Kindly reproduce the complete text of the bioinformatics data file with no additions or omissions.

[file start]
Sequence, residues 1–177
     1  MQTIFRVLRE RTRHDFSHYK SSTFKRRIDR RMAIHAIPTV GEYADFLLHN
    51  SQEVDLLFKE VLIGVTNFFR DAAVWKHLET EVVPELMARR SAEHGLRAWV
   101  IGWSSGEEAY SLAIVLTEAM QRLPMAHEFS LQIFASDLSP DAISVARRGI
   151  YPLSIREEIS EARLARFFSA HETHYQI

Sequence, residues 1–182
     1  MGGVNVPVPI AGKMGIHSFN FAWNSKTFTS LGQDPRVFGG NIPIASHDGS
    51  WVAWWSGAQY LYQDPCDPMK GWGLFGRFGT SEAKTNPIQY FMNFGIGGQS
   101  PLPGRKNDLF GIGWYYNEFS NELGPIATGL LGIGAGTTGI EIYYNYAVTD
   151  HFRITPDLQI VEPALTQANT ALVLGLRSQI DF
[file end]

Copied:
Sequence, residues 1–177
     1  MQTIFRVLRE RTRHDFSHYK SSTFKRRIDR RMAIHAIPTV GEYADFLLHN
    51  SQEVDLLFKE VLIGVTNFFR DAAVWKHLET EVVPELMARR SAEHGLRAWV
   101  IGWSSGEEAY SLAIVLTEAM QRLPMAHEFS LQIFASDLSP DAISVARRGI
   151  YPLSIREEIS EARLARFFSA HETHYQI

Sequence, residues 1–182
     1  MGGVNVPVPI AGKMGIHSFN FAWNSKTFTS LGQDPRVFGG NIPIASHDGS
    51  WVAWWSGAQY LYQDPCDPMK GWGLFGRFGT SEAKTNPIQY FMNFGIGGQS
   101  PLPGRKNDLF GIGWYYNEFS NELGPIATGL LGIGAGTTGI EIYYNYAVTD
   151  HFRITPDLQI VEPALTQANT ALVLGLRSQI DF